I also agree strongly with the task book aspect from Junior, as well as the system tracing that is required by ALL engineers, even as a Chief I find myself crawling thru the bilges following piping to make sure I understand each & every part of every system on any new boat that I join. It is always part of a Chiefs role to be the mentor & master for an up & coming engineer. My policy in the engine room is to eventually make myself redundant, so that is how I teach, I want my 2nd's to be knowledgeable & confident in operating all systems onboard eventually themselves.
    I believe that there is need for training, a need for a task book and a need for a 2nd or 3rd engineer to have spent at least a year(full time) in each position before being allowed to progress to the next level.
    Engineers positions are immeasurably important onboard for many reasons utmost the lives & safety of those serving onboard.
    Take time to invest in knowledge & experience.
    Posted by Oceana Logistics 08/11/2009 16:26:58

  • I hear what you say but it still doesn't solve the problem. Ive been on yachts long enough to realize that I'm not a captain or crew but simply a participant in the marine industry. When you take on a young kid as deckhand engineer and pass on knowlegde , he may choose to follow on and become a engineer, he may choose to follow up and become a mechanically talented yacht captain or he may simply move ashore with his engineering skills and join the yacht service industry. In each case the marine industry wins by producing talented people. When you develop this "all or nothing" type world with high entry costs and licenses for ever thing, you retard the growth of the whole marine industry. At presnt the state of craftsmanship and knowledge in the industry is poor.
    Posted by junior_1 08/11/2009 12:53:25

  • Nothing at all wrong with coming up the hawsepipe, it's just that now a days, it's not enough just to have OJT. Even chief engineers with 20 years of experience are taking classes to keep up with the growing and changing technologies aboard yachts. In fact, best I can recall, studying and taking classes has always been part and parcel in hawsepiping. It really does take a combination of both to be thorough in ones education. A lot of the modern technology just isn't intuitive so it is more effective to ellicit some formal training to learn to deal with it than hack your way along self taught. More and more manufacturers are offering factory training as engine manufacturers have been doing for as long as I can remember. Networking and the rest of the IT sector stuff, there is so much reading material available it pays off to take a class just so you know how to filter through the material.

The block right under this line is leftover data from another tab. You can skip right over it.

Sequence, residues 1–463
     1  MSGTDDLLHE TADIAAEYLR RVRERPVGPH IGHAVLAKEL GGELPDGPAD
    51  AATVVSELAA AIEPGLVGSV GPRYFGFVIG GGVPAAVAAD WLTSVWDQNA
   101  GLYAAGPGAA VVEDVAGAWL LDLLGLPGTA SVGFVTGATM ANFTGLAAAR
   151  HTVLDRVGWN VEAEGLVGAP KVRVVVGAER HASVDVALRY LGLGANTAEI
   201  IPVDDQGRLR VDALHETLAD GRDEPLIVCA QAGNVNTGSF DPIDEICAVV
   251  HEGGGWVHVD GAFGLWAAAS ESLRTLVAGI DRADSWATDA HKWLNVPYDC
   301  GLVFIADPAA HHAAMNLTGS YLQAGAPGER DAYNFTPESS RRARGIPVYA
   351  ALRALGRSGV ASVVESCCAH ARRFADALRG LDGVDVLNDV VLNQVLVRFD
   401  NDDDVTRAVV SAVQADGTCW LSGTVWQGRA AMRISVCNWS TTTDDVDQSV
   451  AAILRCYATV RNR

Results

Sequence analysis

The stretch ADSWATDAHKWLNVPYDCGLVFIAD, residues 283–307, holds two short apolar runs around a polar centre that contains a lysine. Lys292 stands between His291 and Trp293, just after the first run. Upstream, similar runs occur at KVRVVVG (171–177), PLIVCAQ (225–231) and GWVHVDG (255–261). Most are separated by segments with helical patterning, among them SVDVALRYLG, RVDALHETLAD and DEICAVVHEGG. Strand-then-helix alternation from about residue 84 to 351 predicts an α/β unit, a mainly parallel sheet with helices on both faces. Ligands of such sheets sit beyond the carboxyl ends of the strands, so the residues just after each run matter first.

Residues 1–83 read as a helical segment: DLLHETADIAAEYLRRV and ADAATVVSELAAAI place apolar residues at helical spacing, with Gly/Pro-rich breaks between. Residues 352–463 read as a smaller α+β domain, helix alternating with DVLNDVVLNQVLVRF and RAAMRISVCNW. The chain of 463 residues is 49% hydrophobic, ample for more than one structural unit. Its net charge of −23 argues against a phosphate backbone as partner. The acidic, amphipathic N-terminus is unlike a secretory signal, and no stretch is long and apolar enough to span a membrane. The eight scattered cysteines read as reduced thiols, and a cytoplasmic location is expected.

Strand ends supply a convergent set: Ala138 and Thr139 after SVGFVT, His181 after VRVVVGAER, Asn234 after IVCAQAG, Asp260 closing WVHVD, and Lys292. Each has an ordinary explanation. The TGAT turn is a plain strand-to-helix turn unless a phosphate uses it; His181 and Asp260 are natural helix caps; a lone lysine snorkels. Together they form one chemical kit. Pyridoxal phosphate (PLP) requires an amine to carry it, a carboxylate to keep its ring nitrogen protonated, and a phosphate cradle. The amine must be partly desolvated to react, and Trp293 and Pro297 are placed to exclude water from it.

Posted by Henning_1 08/11/2009 01:12:27

  • Its a shame that none of you guys choose to defend the concept of deckhand engineer " Hawsepipers" and sea time . Engineering Crew and all yacht crew who work up thru the marine industry will by circumstance have wide exposure to multiple disciplines, best practice and a very good understanding of yacht systems in real life . In my eyes this make a superior crew.
    I assume that the picture posted is representative of this "new generation" yacht engineer ? If so, the engineer shown is obviously not multi talented. The very narrow angle lifting bridle he has deployed is overloaded, ill fitting, chafing the ski seats and minus a spreader bar. The lifting eyes on the jet ski are improperly installed , prone to bruising a riders legs and located on its fragile superstructure, rather than bedded into the skis robust sheer clamp . This valuable piece of equipment, under his supervision , will never attain full service life. Lets hope this engineer is not entrusted with hoisting 5 ton pieces of yacht equipment. I seriously doubt that a multi discipline hawsepiper , with yacht rigging and shipyard experience, would make such amateurish mistakes.
    Posted by junior_1 07/11/2009 07:13:43

  • I think that todays system of training yacht engineers leaves us at quite a disadvantage. I've come up through the ranks of yacht engine rooms, and although I still have a very long way to go, I have the luck to have been born a 'natural' engineer. Unfortunately today there seem to be almost no apprenticeships to be found outside of the military and some commercial shipping lines. It seems the idea behind the MCA system was to have entry level engineers having an informal apprecticeship by working as a 2nd or 3rd engineer, but this system relies entirely on the willingness of the chief engineer to teach. I myself worked as a 2nd engineer briefly before moving on to being a sole engineer, I was working for a chief who was completely unwilling to teach, or work for that matter, which in the long run probably meant that I was learning more by doing his job for him. The problem now with the changes that the industry has gone through over the last few years is that boats in the 50 to 60m range who used to hire an entry level engineer as 2nd are now able to find Y4's or higher to take the job. Vessels larger than that are required to have higher tickets aboard in the manning scales, and vessels at the smaller end will take low licences, but only if the engineer has a decent amount of experience to back up his meagre ticket. It seems now that the only reliable way to get into the entry level of the yachting engineering industry is to have worked the commercial route, where it seems you can be paid to get excellent training, a book full of seatime, and walk away with a Y1 without even noticing it.
    Posted by DaveRobson_2 06/11/2009 16:25:35

  • What was up with that?
    Posted by Henning_1 06/11/2009 16:07:58

  • It looks like Henning's posting gene hss replicated.
    Posted by Chief_1 06/11/2009 12:04:45